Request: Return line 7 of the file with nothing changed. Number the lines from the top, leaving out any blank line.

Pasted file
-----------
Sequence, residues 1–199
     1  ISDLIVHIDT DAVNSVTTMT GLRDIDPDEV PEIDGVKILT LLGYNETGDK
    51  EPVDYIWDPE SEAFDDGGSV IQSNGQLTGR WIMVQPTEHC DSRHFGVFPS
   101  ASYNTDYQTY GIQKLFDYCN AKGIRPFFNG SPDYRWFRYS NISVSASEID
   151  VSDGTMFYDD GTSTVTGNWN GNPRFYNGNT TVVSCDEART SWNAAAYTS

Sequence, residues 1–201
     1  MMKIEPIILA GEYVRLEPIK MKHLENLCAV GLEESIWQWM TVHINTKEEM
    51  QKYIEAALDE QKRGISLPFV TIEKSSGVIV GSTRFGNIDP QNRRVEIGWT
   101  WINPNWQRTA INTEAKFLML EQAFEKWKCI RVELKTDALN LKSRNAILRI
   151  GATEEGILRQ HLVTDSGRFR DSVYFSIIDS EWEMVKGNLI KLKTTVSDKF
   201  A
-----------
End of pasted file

     1  MMKIEPIILA GEYVRLEPIK MKHLENLCAV GLEESIWQWM TVHINTKEEM